Heat the mixture, stirring constantly to just below the boiling point (170°F. to 180°F.). Steam will begin to appear and the mixture will be slightly thicker than heavy cream; a finger run across the back of a spoon dipped in the mixture will leave a well-defined track. Immediately remove from the heat and pour into a bowl, scraping up the thickened cream on the bottom of the pan. (Strain if desired; I like the small pieces of pistachio in the ice cream.) Cool in an ice-water bath or the refrigerator until cold, at least 2 hours.

Stir in the optional Kirsch and the food coloring. Freeze in an ice cream maker according to the manufacturer’s instructions. Allow the ice cream to ripen for at least 2 hours in the freezer until firm but spreadable before assembling in the bombe. Makes cups.

Raspberry Sorbet

In a strainer suspended over a deep bowl, thaw the raspberries completely. This will take several hours. (To speed thawing, place in an oven with a pilot light.) Press the berries to force out all the juice. There should be 1 cup.

In a small saucepan, boil the juice until it is reduced to ¼ cup. (Or reduce the juice in a microwave* on high power.) Pour into a lightly oiled heatproof cup.

*If using a microwave, place the juice in a 4-cup heatproof glass measure or bowl to allow for bubbling.

Purée the raspberries and strain them through a food mill fitted with the fine disc. Or use a fine strainer to remove all the seeds. You should have 1 liquid cup of purée.

Stir in the raspberry syrup and lemon juice. You should have 1⅓ liquid cups. Add the sugar. Stir until the sugar dissolves. Stir in the Chambord if desired.

If you have less raspberry purée, decrease the sugar, using teaspoons sugar for each tablespoon of raspberry purée (three-fourth the volume of sugar to purée).

Process in an ice cream maker according to manufacturer’s instructions. Freeze the sorbet in a covered container for at least 2 hours or until fairly firm. Makes cups.

Chocolate Ganache Seeds

In the upper container of a double boiler set over hot, not simmering, water on low heat, melt the chocolate. (Or melt the chocolate in a microwave on high power, stirring every 10 seconds.) Stir in the cream until smooth and uniform. Use an offset metal spatula to spread the chocolate in a thin layer on wax paper. Allow it to harden at room temperature for several hours or place it in the freezer just until firm, about 20 minutes.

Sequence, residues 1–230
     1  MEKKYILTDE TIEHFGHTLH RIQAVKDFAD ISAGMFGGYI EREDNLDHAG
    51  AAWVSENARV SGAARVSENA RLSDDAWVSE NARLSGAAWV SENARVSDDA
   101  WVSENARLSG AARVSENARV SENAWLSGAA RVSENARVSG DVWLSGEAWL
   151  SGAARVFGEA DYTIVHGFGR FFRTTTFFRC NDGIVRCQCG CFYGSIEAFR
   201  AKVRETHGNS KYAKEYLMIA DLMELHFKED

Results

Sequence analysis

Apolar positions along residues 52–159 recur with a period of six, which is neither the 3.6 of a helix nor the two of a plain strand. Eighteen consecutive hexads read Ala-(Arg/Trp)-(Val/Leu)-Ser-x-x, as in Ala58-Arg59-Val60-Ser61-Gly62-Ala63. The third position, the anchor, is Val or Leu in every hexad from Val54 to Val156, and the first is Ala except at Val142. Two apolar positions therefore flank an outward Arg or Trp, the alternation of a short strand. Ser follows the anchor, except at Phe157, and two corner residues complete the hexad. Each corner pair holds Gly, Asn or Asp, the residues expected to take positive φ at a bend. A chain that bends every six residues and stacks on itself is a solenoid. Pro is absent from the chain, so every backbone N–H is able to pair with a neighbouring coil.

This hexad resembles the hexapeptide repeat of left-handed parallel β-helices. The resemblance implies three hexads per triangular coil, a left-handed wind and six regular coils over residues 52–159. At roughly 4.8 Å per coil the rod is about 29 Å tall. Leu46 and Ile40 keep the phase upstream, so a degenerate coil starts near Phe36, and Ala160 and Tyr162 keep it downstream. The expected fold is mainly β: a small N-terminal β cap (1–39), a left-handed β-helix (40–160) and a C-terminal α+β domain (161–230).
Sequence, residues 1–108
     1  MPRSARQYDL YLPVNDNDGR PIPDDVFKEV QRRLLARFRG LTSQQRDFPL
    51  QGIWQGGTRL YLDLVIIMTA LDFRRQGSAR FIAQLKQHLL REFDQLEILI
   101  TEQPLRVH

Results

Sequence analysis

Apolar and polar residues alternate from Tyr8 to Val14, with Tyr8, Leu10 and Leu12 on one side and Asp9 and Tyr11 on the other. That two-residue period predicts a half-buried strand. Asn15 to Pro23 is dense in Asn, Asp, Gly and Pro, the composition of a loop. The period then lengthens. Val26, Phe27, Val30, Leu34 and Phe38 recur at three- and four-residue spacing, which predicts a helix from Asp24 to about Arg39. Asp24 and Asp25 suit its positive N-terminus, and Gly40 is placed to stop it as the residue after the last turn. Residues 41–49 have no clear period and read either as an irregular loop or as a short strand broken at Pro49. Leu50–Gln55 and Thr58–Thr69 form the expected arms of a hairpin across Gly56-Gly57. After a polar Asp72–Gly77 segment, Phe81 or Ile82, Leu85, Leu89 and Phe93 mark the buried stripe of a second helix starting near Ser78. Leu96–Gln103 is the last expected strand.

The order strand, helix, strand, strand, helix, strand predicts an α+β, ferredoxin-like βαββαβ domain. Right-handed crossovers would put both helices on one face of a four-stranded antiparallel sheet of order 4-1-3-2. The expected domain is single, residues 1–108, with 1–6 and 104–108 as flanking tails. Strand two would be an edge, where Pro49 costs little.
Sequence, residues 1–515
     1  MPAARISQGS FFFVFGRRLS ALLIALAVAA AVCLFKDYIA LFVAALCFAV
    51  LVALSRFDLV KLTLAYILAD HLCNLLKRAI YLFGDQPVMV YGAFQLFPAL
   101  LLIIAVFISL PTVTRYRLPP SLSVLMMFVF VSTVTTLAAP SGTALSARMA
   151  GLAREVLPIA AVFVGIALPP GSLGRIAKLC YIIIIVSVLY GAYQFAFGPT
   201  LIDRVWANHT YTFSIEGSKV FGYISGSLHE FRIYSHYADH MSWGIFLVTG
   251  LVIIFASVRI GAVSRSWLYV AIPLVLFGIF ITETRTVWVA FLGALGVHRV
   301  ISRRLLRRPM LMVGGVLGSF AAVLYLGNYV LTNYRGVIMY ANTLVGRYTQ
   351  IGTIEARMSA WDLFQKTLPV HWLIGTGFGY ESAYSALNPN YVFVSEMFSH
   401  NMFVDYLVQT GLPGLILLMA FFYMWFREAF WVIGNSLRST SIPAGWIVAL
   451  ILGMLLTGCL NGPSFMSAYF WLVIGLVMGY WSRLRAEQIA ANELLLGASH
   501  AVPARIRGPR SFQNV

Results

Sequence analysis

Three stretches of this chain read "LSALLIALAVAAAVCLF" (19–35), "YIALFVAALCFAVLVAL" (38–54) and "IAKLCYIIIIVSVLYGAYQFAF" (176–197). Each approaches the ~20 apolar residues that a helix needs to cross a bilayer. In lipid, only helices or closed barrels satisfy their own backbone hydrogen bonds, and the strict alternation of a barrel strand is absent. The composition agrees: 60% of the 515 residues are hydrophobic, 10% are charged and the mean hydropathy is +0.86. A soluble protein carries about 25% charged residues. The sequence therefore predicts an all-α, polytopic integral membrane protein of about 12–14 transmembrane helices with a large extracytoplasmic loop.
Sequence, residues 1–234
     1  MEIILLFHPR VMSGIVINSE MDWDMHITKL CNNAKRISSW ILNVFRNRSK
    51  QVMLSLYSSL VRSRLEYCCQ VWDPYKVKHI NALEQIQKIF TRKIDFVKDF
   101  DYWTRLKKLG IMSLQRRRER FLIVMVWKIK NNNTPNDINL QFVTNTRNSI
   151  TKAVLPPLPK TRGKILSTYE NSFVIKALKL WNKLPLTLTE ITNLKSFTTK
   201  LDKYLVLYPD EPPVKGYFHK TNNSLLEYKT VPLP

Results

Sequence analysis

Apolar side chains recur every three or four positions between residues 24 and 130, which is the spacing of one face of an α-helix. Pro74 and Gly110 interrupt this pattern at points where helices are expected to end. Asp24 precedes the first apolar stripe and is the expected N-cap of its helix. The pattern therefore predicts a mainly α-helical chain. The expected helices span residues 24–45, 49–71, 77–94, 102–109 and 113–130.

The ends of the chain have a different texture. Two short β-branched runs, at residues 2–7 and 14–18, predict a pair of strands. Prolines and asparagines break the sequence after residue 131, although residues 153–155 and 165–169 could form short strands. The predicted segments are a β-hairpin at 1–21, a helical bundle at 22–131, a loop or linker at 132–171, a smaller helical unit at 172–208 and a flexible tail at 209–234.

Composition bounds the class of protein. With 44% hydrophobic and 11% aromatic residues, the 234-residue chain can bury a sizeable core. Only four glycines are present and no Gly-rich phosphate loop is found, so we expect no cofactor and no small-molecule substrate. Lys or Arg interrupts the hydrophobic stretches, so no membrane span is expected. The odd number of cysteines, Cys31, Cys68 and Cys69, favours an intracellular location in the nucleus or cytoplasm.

Using the sharp tip of a knife or an elliptical canapé cutter, form the seeds. Place the sheet of seeds in the freezer until very hard.

Ateco makes a canapé set that contains a -inch-long cutter.

Separate the seeds from the chocolate sheet by sliding a knife or metal spatula under the chocolate—the seeds will pop out. Place them on wax paper. Return them to the freezer until hard. Makes about 65 seeds.

Chill the watermelon mold.

Fold half the ganache seeds into the raspberry sorbet.

Spread the pistachio ice cream in the bottom and up the sides of the chilled mold (just to the edge of the decorative part). Freeze for about 30 minutes or until firm.

Fill the center of the mold with the sorbet. Cover tightly and freeze for at least 6 hours or up to a week. (If you have not added the Kirsch and Chambord, freeze no longer than 3 days, or ice crystals will form.)

To unmold, invert the mold onto a serving plate. Run a towel under warm water and wring it out. Drape it evenly over the mold and allow to sit for about 30 seconds. Run the towel under warm water a second time and drape over the mold. Repeat as necessary until when you lift away the mold the bombe slides out. Immediately set it in the freezer for 5 to 10 minutes.

Use a sharp knife dipped in hot water to slice the bombe. Set each slice on a plate and place the remaining chocolate seeds on the raspberry sorbet, pressing them in slightly. If your freezer is very cold and the ice cream and sorbet are still very solid, allow the slices to sit on the plates for 5 to 10 minutes before serving, as the bombe is the most delicious when just beginning to melt slightly.

KEEPS: Sorbet has the best texture within 3 days of freezing but with the Chambord will maintain its texture for up to a week.